God’s way of acting may seem so far removed from our own, that He was annihilated for our sake, while it seems difficult for us to even forget ourselves a little. He comes to save us; we are called to choose His way: the way of service, of giving, of forgetfulness of ourselves. Let us walk this path, pausing in these days to gaze upon the Crucifix, the “royal seat of God”, to learn about the humble love which saves and gives life, so that we may give up all selfishness, and the seeking of power and fame. By humbling Himself, Jesus invites us to walk on His path. Let us turn our faces to Him, let us ask for the grace to understand something of the mystery of His obliteration for our sake; and then, in silence, let us contemplate the mystery of this Week.
Chanted at Immaculate Conception, in Dublin, GA last night for the Palm Sunday Vigil Mass.
But the rubrics say, "after the Procession or Solemn Entrance, the priest begins the Mass with the Collect".
Well, rubrics 15 and 19 seem to provide varying clarity about the Kyrie.
There is no "Introit" for Palm Sunday anymore, with its wonderful text. It was suppressed after the Council. The text used to be used frequently throughout Holy Week, notably at the stripping of the altars on Holy Thursday.
For the liturgical reformers, I suppose it was an embarassment that unicorns are mentioned in the Psalms, such as in this Psalm 21:22. Despite this, some Fathers of the Church understood the horn of the unicorn as a symbol for the Cross that Christ had to carry. (I certainly would not want to be stabbed by the powerful horn of a massive rino, which by the way can run pretty fast.)
Oh yes, for those that had the responsorial psalm today in USA, that verse 22 is missing.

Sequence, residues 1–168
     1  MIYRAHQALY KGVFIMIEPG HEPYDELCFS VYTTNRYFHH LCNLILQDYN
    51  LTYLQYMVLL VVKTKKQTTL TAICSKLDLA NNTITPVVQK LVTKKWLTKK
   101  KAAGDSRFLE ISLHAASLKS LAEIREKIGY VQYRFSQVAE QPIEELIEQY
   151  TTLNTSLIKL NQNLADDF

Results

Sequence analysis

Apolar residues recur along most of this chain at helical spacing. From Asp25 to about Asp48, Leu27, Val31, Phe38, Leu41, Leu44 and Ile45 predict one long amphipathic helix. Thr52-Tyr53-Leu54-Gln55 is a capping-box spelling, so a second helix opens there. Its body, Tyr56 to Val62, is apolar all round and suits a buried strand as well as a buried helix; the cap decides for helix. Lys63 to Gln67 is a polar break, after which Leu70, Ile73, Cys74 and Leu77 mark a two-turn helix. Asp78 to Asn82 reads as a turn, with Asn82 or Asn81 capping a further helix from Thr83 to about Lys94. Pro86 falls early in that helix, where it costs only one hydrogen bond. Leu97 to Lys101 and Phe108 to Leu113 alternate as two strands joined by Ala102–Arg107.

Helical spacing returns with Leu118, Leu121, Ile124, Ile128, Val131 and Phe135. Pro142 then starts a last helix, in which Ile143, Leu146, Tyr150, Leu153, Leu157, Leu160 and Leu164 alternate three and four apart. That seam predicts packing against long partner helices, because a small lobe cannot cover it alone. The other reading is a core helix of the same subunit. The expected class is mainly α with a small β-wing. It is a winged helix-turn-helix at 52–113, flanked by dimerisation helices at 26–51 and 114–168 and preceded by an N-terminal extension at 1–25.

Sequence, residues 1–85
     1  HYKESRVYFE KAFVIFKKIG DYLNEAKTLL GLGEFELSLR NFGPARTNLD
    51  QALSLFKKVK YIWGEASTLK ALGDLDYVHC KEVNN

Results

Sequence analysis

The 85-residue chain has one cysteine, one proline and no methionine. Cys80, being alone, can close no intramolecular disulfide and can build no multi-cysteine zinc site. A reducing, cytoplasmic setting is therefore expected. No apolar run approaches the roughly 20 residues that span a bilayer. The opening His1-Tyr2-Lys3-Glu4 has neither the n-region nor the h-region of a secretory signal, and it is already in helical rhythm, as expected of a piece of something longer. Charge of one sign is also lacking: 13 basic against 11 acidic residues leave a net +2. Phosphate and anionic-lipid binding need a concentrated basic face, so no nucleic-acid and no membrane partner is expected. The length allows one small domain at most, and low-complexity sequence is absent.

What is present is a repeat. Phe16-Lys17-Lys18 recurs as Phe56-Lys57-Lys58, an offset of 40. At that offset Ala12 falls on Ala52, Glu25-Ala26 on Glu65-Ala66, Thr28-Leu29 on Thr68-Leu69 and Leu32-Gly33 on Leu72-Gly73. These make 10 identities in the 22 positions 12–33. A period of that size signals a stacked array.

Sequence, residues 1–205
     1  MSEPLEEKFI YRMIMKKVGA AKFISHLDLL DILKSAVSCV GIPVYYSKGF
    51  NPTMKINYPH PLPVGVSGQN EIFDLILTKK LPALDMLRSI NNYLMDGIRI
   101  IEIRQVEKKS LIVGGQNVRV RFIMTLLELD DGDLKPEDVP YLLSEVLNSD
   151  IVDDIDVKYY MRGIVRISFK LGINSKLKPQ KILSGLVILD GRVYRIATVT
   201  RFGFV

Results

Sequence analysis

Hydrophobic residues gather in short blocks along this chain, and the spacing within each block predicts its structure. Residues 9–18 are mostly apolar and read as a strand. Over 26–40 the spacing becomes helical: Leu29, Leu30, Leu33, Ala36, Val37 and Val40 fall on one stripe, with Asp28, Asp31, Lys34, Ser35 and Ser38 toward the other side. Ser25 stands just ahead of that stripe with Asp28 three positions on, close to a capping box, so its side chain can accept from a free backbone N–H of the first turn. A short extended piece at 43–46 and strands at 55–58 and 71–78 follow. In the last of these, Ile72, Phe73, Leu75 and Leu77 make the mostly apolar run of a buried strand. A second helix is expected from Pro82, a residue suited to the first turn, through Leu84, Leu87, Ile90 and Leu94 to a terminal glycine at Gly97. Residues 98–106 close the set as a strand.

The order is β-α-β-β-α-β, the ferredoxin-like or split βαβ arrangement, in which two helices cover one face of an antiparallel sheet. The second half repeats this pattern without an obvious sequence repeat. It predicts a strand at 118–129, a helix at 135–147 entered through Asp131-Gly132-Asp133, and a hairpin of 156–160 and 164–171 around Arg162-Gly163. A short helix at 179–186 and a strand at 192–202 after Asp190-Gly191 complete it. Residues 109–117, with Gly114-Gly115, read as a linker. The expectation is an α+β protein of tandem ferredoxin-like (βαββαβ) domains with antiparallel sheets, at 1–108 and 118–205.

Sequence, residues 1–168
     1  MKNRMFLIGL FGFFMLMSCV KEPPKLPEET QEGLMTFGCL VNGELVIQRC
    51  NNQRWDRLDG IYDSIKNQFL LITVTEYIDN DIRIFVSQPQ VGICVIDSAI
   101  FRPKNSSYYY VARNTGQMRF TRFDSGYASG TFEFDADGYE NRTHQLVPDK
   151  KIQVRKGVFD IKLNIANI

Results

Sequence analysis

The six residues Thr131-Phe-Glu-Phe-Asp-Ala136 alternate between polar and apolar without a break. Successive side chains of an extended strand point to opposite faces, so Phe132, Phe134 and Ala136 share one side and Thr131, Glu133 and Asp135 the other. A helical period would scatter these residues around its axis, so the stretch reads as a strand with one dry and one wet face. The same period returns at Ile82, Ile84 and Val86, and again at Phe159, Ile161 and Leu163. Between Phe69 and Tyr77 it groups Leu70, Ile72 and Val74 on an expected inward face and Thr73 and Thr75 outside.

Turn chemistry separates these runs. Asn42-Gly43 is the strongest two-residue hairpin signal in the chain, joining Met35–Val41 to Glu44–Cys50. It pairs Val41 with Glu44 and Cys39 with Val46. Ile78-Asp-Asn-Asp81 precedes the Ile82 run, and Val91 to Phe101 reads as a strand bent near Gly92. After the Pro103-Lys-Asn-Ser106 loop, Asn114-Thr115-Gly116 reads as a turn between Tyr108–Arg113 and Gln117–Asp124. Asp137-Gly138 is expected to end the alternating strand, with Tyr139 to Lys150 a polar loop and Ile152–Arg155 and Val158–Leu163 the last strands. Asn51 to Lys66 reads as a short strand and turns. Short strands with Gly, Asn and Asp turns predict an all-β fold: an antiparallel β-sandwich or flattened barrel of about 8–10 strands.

Very pleasantly surprised to day: attended Immaculate Conception Parish in downtown Dayton. The had the Benedictine altar arrangement, used the altar rail for communion, on the tongue!, and had reverent if somewhat modern choir. Absolutely beautiful church with only a table style altar out from the original that is still in place and in good shape. Gorgeous stained glass.
Went to my home parish afterwards to help with the packing of the St Vincent DePaul meal bags. a visitor there was a young man from Columbus. He had the look I often see on young people seeing the Vitus Ordo for the first time. HE was very energised, almost angry that it was denied to him for so long, anxious to tell his peers back in Columbus about it because "So many of them are thirsting for something and sense an emptiness". He had a 1937 Missal. He said he had several and studied them. He was stunned at what he was missing. He cave it to me because he had several others he had saved from eBay where the inventory of churches slated for destruction were for sale. He was returning to Columbus excited about his find. He said he would try to get back for Easter
One of the more interesting Palm Sunday's I have had in a while.
Oh, and by the way, does your parish altar have the central crucifix for the priest-celebrant's focus as His Holiness, Pope Francis models for us?
At my parish, unfortunately, the question is "What crucifix?"